Be The Concierge For Services Related To Your Practice (Part V)

by Feb 24, 2017How to Build a Legal Practice

Be a Concierge for Related Services

Building A Legal Practice Designed To Last, Part V

 

Providing value to your clients is often more about what happens outside of the courtroom as in it. Wherever your client’s life will be impacted as it relates to the matter you are handling develop relationships with professionals that can help your clients deal with the consequences of their case.

Since you are helping your client make informed decisions about their cases you need to be able to have contacts that can help give your client valuable information especially on matters where you don’t have the expertise to answer questions.

 

Types of Connections

I primarily handle Driving While Impaired (DWI) charges and I will give an example from my personal experience of the types of professionals in that realm that can help clients.

  • Continuous Alcoholic Monitoring Installer – having a continuous alcohol monitoring device installed in North Carolina can help with both sentencing and with achieving sobriety.
  • Alcohol Assessors – an alcohol assessment with a licensed counselor is required in North Carolina for any person convicted of a DWI and the recommended treatment must be completed and received by the NC DMV for license reinstatement.
  • Inpatient Treatment Facilities – completing inpatient treatment at an approved agency in North Carolina can help with both sentencing and with achieving sobriety.
  • Auto Insurance Reps – can save clients money on insurance and answer questions about the impact of a DWI on insurance increases.
  • Car Rental / Sales Agents – can help answer questions about purchasing, leasing, or renting a vehicle during a period of license suspension.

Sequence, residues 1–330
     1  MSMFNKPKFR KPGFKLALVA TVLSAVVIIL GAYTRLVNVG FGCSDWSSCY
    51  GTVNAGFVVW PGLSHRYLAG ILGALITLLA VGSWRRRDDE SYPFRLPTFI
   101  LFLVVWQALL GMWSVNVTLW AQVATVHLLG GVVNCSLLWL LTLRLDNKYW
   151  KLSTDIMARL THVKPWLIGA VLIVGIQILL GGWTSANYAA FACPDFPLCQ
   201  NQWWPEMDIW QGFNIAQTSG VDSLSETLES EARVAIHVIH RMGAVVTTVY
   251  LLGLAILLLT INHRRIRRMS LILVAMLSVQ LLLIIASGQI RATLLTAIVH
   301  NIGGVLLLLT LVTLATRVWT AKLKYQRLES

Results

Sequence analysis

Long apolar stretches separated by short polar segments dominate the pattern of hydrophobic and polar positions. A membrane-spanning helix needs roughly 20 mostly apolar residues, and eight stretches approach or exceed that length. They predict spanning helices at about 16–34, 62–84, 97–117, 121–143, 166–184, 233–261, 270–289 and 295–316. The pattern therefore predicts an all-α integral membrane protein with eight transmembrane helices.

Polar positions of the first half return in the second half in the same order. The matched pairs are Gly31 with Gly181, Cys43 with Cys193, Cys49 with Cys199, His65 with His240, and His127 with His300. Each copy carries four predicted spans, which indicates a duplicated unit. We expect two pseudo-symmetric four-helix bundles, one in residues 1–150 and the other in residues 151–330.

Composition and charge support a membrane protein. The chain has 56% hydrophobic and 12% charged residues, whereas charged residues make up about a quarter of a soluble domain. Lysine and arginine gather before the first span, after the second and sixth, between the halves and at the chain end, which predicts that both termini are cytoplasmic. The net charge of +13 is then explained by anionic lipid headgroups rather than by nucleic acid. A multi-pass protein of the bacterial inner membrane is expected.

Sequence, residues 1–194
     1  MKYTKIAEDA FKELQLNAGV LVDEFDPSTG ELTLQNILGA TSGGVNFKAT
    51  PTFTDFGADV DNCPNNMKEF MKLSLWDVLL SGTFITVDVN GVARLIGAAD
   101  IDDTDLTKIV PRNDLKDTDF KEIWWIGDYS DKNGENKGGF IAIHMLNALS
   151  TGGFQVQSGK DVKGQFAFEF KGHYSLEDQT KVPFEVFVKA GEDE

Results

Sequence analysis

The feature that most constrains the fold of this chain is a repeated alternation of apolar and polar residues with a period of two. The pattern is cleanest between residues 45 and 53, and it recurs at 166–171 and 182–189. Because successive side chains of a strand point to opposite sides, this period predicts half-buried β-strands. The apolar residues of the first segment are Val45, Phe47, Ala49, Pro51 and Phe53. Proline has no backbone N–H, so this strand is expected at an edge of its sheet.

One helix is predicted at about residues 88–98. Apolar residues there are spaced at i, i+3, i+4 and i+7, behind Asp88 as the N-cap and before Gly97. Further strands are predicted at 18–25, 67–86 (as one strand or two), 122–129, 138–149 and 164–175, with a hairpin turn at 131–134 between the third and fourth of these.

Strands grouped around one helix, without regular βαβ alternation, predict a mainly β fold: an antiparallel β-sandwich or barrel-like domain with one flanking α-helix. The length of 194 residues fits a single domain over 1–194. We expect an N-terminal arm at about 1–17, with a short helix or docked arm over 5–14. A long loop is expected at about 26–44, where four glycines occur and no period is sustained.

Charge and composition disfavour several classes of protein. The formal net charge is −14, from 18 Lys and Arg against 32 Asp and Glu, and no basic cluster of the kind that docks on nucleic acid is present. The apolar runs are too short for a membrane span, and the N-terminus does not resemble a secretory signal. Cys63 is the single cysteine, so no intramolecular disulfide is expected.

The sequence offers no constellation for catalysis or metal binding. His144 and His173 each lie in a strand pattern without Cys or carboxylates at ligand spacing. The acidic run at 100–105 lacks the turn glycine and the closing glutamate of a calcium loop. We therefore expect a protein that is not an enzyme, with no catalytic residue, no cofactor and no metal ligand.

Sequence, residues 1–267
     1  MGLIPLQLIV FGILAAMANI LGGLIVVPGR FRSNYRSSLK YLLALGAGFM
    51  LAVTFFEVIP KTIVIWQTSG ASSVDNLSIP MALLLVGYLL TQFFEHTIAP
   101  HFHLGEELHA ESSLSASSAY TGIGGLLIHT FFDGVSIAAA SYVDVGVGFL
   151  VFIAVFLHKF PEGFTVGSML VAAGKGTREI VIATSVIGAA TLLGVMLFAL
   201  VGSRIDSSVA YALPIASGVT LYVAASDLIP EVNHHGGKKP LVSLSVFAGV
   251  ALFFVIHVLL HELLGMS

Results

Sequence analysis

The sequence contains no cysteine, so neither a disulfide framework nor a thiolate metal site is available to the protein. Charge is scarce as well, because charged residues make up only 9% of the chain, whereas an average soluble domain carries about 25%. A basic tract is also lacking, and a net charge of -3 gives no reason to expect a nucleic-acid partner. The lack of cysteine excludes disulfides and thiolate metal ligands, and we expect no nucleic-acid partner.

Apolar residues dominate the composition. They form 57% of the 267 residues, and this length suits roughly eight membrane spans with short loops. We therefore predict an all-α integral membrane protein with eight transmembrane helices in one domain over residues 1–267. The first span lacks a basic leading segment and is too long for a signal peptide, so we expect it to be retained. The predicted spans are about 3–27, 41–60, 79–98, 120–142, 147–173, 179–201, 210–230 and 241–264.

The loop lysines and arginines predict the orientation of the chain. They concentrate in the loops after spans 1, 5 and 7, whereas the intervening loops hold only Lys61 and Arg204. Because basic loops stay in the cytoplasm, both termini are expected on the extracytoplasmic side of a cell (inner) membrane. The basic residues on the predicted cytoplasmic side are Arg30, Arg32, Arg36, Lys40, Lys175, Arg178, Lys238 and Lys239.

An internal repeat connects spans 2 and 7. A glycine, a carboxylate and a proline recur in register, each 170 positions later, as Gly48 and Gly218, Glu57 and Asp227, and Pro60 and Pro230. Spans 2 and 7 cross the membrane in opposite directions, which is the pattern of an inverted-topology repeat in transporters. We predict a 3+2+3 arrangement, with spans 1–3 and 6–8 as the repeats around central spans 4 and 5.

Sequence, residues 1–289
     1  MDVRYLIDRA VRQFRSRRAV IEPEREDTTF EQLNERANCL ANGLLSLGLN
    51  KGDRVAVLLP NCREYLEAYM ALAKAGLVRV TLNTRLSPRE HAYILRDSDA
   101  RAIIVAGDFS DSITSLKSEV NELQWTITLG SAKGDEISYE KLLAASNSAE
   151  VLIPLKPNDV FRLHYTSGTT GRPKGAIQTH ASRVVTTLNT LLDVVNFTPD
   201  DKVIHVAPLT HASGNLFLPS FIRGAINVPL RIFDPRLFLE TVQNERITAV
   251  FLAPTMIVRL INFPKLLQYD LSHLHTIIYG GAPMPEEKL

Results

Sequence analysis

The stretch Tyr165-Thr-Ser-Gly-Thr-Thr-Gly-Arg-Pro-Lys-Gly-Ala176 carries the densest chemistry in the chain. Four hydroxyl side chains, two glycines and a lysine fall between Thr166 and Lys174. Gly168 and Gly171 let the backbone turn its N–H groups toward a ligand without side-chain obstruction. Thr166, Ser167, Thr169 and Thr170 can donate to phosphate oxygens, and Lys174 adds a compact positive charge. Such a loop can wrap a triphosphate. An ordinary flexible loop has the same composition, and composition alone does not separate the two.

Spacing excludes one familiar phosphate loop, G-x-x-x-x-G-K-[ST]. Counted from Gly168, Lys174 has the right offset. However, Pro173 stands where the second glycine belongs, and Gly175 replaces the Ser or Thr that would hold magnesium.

• Alcoholics Anonymous – can help your client achieve sobriety.
  • Expert Witnesses – provide value in attacking a DWI charge.
  • Ignition Interlock Installers – may be necessary for driving privileges or reinstatement of a driver’s license.
  • DMV Hearing Officers – can help answer questions about your client’s license status, date of eligibility of reinstatement, or other license questions.

 

Referral Network

Not only do you provide great value to your client by having these resources, but you can also build a referral network with many of these professionals. Earn the reputation of becoming the go-to person when one of these other professionals has a legal question about your joint field.

Lawyers and their law firms are really in the business of selling information to their clients. By creating relationships and a secure data base with other professionals you can provide more information to your clients, or at least provide the access to that information by making a referral to a related professional.

If you are able to help your client by involving other professionals to deal with the collateral consequences of your client’s case, you will be the one that gets credit for that help.

Establishing a professional network takes time. The key is to understand that your professional network is important. You likely will not spend your precious time developing a professional network if you don’t see that as a good use of your time. So start slow! Don’t try to create 20 relationships with professionals that can assist your client in the first week. Make it a goal to create one professional relationship a month with someone who can assist your client.

 

Results Driven Network

How much are the people in your professional network actually helping your clients?

Get your client’s feedback on the quality of information that they are receiving from the people in your professional network. Ask professionals to come in and explain in person how they can help your clients (this will give you a wealth of useful information and also help you assess the personality and value of each of your referral contacts).

If you are referring your client’s to professionals that are not helpful, or worse are rude or incommunicative, your client will hold you responsible for that experience. So make sure that the people in your professional network are personable and informed.

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